Keeping his promises from the campaign trail, he banned travel from several majority-Muslim countries in a series of executive orders ultimately upheld by the Supreme Court. He appointed three Supreme Court justices who seemed disposed to overturn Roe v. Wade. He relocated the U.S. Embassy in Israel from Tel Aviv to Jerusalem and abandoned long-standing U.S. opposition to Israeli settlements on the West Bank — more to appeal to evangelicals than to American Jews.

Uninterested in the substance of the Bush-Obama faith-based initiative, he reversed former President Barack Obama’s requirement that government-funded religious social service providers refer to alternative providers clients who requested it.

Trump embraced religious conservatives’ maximalist religious liberty campaign, allowing employers with religious or moral objections to be exempt from the Affordable Care Act’s mandate to provide women with contraceptive services. After the COVID-19 pandemic hit, he demanded that governors cease restricting in-person religious services.

To be fair, these actions were not designed solely for evangelicals. The anti-abortion and religious liberty measures also had a specifically Catholic audience in mind. Lest they miss the point, Trump visited the St. John Paul II Shrine in Washington one day after hefting the Bible in front of St. John’s Episcopal. Trump’s unstinting appeal to white conservative Christians created a degree of religious enthusiasm that was unprecedented in American political history, as suggested by the display of Christian symbols and prayer outside the Capitol on January 6.

But in the end, it wasn’t enough.

According to last year’s problematic exit polling, his support among ‘white evangelicals’ dropped to 76%, (CNN Politics) even as their proportion of the total vote rose from 26% to 28%.

At best, Trump’s pro-Christian presidency at most enabled white conservative Christians to hold their own in the biggest election turnout in a century. Its largest impact was on those most removed from the Christian agenda, whose turnout it boosted enormously.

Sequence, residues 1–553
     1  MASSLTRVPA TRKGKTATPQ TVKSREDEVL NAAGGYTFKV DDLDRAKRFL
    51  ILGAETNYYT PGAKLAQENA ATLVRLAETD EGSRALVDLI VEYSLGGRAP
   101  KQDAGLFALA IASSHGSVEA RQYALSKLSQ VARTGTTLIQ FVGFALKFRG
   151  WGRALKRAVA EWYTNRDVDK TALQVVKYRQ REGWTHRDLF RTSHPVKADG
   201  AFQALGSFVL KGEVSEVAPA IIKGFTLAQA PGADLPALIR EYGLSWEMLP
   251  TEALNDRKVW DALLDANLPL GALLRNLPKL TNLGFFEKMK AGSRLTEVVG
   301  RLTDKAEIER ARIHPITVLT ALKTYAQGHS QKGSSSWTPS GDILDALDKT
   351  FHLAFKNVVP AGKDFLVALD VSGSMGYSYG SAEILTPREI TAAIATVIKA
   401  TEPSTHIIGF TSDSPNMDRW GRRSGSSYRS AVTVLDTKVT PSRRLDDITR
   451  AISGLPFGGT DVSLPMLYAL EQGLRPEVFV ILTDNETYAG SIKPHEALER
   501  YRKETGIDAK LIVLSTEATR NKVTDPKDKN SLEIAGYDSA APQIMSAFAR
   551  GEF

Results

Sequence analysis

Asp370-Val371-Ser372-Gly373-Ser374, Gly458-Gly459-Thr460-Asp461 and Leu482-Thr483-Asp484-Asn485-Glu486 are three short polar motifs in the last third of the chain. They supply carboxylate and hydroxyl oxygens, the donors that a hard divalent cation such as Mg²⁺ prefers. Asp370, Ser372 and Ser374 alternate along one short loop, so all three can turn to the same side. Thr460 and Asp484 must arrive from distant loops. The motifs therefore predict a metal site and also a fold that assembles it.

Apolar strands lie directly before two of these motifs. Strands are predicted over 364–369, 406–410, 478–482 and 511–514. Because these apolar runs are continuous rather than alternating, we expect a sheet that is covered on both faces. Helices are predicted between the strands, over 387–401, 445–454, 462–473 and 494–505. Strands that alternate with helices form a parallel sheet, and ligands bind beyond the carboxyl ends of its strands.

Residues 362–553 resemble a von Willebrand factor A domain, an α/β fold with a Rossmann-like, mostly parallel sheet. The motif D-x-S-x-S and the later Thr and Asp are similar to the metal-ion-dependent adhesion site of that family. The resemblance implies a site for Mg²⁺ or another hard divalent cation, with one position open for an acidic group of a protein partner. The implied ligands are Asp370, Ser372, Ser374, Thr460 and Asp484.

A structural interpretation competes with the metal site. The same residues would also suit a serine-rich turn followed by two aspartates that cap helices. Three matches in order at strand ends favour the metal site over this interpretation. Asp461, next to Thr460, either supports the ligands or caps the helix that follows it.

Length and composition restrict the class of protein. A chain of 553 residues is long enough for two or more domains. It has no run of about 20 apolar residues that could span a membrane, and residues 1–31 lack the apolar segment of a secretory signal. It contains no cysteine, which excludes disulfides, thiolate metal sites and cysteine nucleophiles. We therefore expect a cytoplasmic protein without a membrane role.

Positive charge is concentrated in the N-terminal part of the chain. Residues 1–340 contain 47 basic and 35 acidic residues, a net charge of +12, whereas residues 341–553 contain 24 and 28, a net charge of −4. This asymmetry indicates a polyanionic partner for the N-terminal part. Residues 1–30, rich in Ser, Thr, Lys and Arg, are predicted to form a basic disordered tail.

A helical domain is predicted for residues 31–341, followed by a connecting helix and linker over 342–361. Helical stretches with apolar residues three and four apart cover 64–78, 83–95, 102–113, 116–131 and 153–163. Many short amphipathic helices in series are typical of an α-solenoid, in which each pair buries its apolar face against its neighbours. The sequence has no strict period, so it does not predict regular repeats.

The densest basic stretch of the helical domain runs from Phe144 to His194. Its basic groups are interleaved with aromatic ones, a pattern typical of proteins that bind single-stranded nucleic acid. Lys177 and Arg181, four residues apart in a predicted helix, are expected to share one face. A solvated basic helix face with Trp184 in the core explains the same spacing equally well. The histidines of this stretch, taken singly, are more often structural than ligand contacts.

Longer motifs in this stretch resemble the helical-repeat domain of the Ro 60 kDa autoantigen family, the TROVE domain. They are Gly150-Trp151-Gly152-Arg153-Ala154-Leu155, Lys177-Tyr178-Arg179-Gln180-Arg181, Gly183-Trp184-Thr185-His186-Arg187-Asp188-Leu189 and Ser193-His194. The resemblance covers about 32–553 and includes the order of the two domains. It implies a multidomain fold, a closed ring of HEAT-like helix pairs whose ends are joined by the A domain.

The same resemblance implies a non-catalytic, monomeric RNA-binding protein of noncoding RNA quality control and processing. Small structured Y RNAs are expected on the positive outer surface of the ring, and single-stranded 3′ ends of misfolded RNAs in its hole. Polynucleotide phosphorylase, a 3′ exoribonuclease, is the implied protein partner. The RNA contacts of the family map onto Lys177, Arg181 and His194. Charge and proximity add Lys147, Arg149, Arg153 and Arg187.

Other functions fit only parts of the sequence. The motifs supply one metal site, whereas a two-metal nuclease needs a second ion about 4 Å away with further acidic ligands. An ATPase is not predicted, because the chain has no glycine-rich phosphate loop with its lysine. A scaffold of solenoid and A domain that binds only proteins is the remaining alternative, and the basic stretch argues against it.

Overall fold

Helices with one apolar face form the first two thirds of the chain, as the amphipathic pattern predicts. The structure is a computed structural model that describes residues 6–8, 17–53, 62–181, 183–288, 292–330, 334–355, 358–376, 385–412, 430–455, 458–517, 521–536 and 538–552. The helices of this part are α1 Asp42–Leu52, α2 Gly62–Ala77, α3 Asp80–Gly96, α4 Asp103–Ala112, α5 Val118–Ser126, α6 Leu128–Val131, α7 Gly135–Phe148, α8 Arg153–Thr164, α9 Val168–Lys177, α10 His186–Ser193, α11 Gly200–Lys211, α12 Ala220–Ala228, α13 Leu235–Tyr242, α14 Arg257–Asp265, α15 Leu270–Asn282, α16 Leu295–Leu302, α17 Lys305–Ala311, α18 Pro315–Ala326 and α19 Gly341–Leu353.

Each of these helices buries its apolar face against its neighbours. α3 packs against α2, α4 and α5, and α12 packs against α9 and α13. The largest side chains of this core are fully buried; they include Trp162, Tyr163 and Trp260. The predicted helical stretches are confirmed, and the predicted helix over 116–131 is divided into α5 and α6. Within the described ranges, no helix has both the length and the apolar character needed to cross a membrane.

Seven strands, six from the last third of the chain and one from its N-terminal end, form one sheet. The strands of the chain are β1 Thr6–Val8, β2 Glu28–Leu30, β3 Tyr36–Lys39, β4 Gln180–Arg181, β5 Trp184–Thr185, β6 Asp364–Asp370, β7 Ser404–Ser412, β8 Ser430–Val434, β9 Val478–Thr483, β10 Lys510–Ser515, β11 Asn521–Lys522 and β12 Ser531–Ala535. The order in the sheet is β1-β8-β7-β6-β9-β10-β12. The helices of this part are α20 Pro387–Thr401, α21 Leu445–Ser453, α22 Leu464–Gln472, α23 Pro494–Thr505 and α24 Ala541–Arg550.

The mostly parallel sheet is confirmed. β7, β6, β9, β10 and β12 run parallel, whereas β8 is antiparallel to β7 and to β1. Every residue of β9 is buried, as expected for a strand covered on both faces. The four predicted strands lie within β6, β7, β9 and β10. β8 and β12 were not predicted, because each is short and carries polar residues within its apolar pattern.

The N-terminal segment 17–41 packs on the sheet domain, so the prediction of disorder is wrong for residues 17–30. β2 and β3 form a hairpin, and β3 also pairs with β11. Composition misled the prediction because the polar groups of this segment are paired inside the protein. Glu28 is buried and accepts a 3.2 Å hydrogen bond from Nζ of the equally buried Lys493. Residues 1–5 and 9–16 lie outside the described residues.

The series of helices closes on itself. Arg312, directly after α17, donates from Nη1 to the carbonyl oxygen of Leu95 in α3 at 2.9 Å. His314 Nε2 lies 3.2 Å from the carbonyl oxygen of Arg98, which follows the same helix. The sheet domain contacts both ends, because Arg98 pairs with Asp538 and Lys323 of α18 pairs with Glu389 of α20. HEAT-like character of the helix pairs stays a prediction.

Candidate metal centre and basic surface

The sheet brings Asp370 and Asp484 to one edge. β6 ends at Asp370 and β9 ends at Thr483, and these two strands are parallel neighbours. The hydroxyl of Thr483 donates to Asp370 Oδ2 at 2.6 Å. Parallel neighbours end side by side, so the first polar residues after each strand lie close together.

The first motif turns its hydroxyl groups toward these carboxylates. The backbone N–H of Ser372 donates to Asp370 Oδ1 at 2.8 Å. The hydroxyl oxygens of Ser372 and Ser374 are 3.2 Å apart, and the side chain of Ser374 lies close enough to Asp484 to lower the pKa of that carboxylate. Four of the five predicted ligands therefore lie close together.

As for Biden, I am predicting he will fail, and voters will quickly realise that they screwed up given that the now President is a consummate and self-promoting nitwit — a view even held by some Democrats. This is not a ‘dire prediction’ because the USA will recover from Joe Biden’s more generalised failure as a president, but it could be quite a painful process for the USA to get back on the political track they had become very comfortable with.

The reason Mr. Biden will fail so soon is that many more millions who voted for him will realise — and quickly — that they made a mistake — a political mea culpa. In some ways, it will be a similar reaction than was to the election of Jimmy Carter in 1976, when many of his voters quickly realised they had screwed up.

As for Mr Biden’s sanctimonious hypocrisy to call for ‘unity’, we should at least refer to biblical guidance. Paul’s word to the conflicted Corinthian congregation is God’s word to us today:

“I appeal to you, brothers, by the name of our Lord Jesus Christ,
that all of you agree, and that there be no divisions among you,
but that you be united in the same mind and the same judgment.”
~ 1 Corinthians 1:10

When we have “the same mind and the same judgment,” we can heal our divisions and face our future with hope. Let us pray and hope Americans work to this end for the glory of our Lord, not for the glory of Mr Biden.

[Photo: BigStock]